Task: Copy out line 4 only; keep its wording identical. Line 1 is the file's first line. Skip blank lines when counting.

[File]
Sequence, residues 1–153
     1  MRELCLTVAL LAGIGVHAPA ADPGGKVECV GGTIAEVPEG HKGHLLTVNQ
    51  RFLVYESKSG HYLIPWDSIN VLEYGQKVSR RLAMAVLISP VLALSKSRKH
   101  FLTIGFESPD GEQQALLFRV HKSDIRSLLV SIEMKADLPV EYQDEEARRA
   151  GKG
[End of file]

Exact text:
   101  FLTIGFESPD GEQQALLFRV HKSDIRSLLV SIEMKADLPV EYQDEEARRA